Supervisors: Tom Williams (RAL PPD) + Sudan Paramesvaran (Bristol University)
The Large Hadron Collider (LHC) at CERN will be upgraded to become the High-Luminosity LHC (HL-LHC), significantly increasing the rate of proton-proton collisions. The CMS experiment will be upgraded at the same time in order to ensure that we will get more precise physics measurements and greater sensitivity to new physics in the intense HL-LHC environment. The CMS level-1 trigger system plays a critical role in the experiment's data aquisition chain: Within a few microseconds it decides which collisions are sufficiently interesting to store for later analysis. As part of the HL-LHC upgrades, the level-1 trigger system will be replaced using cutting-edge technologies. It will consist of hundreds of FPGA-based custom electronics boards, connected by several thousand optical links with a total bandwidth of roughly 200 000 Gbit/s. For the first time the CMS level-1 trigger system will have access to information from the tracker, enabling a paradigm shift in the types of particle reconstruction and identification algorithms that can be run in the level-1 trigger.
As part of the CMS collaboration, the student will play a key role in developing algorithms for the HL-LHC trigger system, working on all stages of the process: conceptual design of the algorithms, measuring their performance in simulated p-p collisions; implementing these algorithms in firmware; and testing these algorithms on the electronics boards. The student will also be involved in setting up test systems at CERN, and performing integration tests with connected components. The student will gain skills in computer programming and FPGA firmware development. In addition to learning classic hardware description languages for firmware development, the student will also use modern tools like Vivado HLS for expressing key components of algorithms in higher-level abstractions.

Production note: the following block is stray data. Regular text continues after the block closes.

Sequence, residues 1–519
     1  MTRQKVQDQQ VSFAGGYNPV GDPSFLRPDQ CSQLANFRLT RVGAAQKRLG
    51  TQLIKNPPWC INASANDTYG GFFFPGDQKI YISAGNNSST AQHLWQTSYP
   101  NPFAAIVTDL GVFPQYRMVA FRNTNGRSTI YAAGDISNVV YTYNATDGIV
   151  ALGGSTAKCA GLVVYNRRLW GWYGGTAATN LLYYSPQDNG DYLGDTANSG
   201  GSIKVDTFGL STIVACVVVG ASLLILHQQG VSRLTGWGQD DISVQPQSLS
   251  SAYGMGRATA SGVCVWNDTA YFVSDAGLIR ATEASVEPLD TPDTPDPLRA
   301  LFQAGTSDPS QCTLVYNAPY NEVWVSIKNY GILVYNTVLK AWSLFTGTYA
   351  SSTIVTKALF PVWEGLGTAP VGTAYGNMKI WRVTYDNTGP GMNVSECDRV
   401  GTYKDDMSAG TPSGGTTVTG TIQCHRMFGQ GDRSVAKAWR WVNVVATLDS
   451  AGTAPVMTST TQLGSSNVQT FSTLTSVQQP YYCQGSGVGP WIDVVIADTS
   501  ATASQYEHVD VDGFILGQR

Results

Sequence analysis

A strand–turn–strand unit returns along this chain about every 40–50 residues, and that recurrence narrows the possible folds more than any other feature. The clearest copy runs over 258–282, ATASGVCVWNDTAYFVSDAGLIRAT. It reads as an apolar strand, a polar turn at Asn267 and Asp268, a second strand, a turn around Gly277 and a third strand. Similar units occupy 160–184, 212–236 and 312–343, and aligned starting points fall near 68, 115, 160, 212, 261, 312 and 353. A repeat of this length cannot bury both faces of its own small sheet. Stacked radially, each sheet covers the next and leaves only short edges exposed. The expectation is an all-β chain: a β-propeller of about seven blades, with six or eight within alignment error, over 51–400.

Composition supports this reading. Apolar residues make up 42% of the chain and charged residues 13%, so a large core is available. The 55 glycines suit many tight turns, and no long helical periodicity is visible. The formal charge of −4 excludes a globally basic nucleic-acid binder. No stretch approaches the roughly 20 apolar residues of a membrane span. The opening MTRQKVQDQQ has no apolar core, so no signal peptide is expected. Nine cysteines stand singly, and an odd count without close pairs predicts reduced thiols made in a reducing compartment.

The LHC has just started Run 3 and the CMS experiment will be collecting its largest ever dataset. In addition to the HL-LHC level-1 trigger studies, the student will also work on searches for evidence of BSM physics in the context of extended Higgs sector models or dark sector models. The final states that will be exploited will include light higgs bosons or semi-visible jets, which will be reconstructed using techniques that make extensive use of neural nets such as Graph NNs and autoencoders. We work closely with theorists within the NExT Institute when developing new searches and interpreting results.
For more details please contact Dr. Tom Williams (Thomas.Williams@stfc.ac.uk)